Story by SSgt David Owsianka on 08/29/2019Tech. Sgt. Cynthia Ward, 7th Equipment Maintenance Squadron Aerospace Ground Equipment support section NCO in charge, attended an AFWERX inaugural Spark Collider event in Austin, Texas, Aug 14, 2019, where she received $125,000 to work on a project that encompasses building an automated AGE tracking system.
AFWERX is a U.S. Air Force program that helps Airmen develop solutions to the challenges they face within the Air Force through partnerships with private sector business entities, with particular emphasis being placed on collaboration with technology startups. The goal of this program is to foster a culture of innovation within the service.
"I felt motivated when I was awarded the money, because projects like this can be slow to generate support and it can take a long time to see measurable movement in the right direction," Ward said. "Having the people say we want to help you solve this problem' was a boost to our determination to see this project through and ensure we find a lasting solution."
During Ward's time at the event, she explained the drawbacks of the current manual tracking system and the potential benefits of an automated system.
With the current system, each driver has to spend an average of 20 minutes throughout their shift logging all movements onto a run sheet and an additional 30 minutes at the end of their shift transcribing the information onto an excel document. Also, if an Airman needs to find a piece of equipment through the current process, someone will need to scour the flightline and back shops to locate it. This can take anywhere from 20 minutes to two hours per asset.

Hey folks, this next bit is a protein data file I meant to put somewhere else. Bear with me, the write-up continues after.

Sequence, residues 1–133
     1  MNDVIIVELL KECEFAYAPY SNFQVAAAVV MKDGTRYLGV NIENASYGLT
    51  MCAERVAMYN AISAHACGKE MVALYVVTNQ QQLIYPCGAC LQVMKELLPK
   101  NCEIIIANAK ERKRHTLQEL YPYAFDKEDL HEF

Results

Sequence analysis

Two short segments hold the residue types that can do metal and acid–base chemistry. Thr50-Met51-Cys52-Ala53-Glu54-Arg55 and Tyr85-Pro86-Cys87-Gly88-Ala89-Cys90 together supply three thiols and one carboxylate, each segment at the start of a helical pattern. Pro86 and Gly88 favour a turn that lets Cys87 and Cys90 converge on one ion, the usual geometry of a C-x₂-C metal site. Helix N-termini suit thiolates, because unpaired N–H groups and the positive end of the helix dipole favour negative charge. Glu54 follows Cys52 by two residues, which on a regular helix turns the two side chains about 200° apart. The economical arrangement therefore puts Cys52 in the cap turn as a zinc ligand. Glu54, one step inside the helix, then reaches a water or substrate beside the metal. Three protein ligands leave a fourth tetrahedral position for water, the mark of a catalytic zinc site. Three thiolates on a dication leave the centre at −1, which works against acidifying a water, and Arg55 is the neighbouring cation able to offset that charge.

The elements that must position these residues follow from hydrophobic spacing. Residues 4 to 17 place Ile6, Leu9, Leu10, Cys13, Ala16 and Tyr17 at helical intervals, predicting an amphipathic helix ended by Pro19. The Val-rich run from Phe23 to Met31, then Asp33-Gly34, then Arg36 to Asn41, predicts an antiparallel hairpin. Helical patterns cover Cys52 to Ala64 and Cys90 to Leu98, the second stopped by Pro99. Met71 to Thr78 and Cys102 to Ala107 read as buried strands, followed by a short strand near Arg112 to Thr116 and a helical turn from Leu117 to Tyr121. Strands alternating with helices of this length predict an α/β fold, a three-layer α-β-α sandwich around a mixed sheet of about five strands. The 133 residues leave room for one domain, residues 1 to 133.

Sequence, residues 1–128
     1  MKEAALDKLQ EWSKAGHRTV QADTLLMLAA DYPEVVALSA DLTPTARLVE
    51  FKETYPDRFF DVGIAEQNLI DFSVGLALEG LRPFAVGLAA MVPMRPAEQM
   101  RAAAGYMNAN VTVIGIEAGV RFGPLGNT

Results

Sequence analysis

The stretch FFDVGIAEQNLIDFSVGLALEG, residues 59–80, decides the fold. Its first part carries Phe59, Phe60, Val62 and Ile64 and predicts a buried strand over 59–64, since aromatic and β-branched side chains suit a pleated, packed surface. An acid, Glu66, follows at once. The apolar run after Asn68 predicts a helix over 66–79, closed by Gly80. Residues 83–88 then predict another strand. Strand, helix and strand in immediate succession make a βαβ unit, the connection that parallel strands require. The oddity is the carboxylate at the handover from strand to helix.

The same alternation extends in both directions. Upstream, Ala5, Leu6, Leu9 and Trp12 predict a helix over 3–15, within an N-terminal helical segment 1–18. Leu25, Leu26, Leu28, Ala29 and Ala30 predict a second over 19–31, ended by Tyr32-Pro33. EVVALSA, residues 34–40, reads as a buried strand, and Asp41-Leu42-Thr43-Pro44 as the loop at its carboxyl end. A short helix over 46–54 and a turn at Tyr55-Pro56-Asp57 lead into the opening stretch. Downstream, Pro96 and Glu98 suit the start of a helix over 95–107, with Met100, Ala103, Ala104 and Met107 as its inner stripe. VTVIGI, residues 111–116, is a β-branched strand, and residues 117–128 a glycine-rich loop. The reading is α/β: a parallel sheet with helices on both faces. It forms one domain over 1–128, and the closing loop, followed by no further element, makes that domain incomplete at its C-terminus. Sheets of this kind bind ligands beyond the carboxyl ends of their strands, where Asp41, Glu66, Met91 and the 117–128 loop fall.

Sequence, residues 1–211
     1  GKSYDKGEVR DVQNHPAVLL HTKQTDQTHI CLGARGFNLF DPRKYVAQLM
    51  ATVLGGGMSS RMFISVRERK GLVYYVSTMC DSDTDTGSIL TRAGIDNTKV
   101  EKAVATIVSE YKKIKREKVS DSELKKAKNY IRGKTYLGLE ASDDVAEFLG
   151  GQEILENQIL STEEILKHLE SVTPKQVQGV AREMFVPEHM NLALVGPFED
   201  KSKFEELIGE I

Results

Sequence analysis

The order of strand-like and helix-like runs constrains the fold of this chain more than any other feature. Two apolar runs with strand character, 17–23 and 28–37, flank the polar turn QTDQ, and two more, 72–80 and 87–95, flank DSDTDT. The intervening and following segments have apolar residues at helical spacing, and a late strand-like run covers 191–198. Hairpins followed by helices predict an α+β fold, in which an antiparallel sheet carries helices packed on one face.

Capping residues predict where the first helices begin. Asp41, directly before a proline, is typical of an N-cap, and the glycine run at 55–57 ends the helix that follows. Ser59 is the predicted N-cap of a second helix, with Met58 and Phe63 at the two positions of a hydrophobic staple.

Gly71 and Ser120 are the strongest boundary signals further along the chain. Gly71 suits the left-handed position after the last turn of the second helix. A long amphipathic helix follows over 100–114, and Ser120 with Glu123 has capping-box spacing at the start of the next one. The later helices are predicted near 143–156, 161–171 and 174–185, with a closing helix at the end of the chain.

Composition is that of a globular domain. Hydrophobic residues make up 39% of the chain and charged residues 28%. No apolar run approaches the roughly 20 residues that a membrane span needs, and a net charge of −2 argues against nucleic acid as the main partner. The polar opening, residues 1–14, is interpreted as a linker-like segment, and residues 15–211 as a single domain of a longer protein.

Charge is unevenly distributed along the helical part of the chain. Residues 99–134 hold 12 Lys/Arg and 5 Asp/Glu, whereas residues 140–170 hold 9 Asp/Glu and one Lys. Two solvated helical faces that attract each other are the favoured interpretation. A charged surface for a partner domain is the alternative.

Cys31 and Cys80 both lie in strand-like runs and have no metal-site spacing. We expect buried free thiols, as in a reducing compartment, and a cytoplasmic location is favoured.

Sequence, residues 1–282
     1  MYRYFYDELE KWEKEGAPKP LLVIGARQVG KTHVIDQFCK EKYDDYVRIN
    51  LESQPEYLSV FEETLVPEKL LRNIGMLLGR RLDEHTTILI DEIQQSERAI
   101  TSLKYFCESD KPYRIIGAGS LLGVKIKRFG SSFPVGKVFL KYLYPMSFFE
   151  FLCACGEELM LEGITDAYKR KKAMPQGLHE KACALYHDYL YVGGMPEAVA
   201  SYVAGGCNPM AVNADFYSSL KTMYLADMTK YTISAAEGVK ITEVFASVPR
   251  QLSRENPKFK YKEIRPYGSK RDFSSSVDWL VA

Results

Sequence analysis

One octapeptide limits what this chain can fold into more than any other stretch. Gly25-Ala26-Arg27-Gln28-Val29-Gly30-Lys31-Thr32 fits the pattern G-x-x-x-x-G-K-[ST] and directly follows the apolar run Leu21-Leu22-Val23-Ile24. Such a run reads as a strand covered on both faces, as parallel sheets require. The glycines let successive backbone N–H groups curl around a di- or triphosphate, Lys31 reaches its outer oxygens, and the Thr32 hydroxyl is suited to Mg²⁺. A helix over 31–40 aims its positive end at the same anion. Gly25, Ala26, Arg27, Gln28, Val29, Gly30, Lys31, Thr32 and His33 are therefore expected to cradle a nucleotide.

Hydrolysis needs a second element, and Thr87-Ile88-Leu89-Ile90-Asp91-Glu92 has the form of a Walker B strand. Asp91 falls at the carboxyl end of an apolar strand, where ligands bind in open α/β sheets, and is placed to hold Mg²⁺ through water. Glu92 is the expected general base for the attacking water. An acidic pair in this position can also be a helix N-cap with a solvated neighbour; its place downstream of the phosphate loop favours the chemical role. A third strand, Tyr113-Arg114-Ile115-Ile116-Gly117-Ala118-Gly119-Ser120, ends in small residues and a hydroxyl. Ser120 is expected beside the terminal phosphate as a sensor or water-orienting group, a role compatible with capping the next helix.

The tracking system will ensure AGE Airmen are able to find an asset at any given time. Furthermore, it will automatically log every movement of every asset into an electronic database. This information will help determine which piece of equipment has been in contact with specific aircraft in the event of a maintenance issue or impoundment, which will prevent any further contamination to the fleet and prevent the AGE Airmen from having to pull multiple assets from mission capable status. With the automated tracking system program in place, all of the current issues will be negated and will save the unit an average of 40 man hours per week.
"Automating this process will give our Airmen more time to accomplish other tasks such as dispatches, servicing, spot inspections and training," Ward said. "It will also greatly improve the accuracy and ensure every movement is logged."
According to the AFWERX website, their ultimate aim is to solve problems and enhance the effectiveness of the Air Force. They enable thoughtful, deliberate, ground-up innovation across the Air Force through an innovation approach that combines startup urgency with the largest pool of motivated talent in the world to uncover opportunities to improve Air Force capabilities.
Dyess Airmen who are looking to solve problems and offer suggestions can go to https://usaf.ideascalegov.com/ and submit their ideas to the Dyess Spark 2020 campaign.
"I believe every AGE shop in the Air Force can benefit from an automated tracking system," Ward said. "I can also see this system being used to help facilitate any other unit and career field that provides support equipment to other agencies."